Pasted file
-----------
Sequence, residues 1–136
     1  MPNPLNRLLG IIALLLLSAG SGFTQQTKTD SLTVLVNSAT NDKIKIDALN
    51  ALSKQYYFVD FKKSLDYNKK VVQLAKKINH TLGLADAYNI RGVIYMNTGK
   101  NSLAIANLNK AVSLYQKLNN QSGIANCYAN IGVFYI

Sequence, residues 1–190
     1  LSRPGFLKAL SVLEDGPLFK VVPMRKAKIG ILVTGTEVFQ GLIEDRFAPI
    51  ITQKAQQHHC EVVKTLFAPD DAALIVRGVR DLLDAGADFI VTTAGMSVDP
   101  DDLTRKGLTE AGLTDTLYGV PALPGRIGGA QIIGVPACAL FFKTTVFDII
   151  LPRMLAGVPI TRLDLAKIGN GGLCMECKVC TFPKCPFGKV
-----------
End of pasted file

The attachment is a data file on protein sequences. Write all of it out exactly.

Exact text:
Sequence, residues 1–136
     1  MPNPLNRLLG IIALLLLSAG SGFTQQTKTD SLTVLVNSAT NDKIKIDALN
    51  ALSKQYYFVD FKKSLDYNKK VVQLAKKINH TLGLADAYNI RGVIYMNTGK
   101  NSLAIANLNK AVSLYQKLNN QSGIANCYAN IGVFYI

Sequence, residues 1–190
     1  LSRPGFLKAL SVLEDGPLFK VVPMRKAKIG ILVTGTEVFQ GLIEDRFAPI
    51  ITQKAQQHHC EVVKTLFAPD DAALIVRGVR DLLDAGADFI VTTAGMSVDP
   101  DDLTRKGLTE AGLTDTLYGV PALPGRIGGA QIIGVPACAL FFKTTVFDII
   151  LPRMLAGVPI TRLDLAKIGN GGLCMECKVC TFPKCPFGKV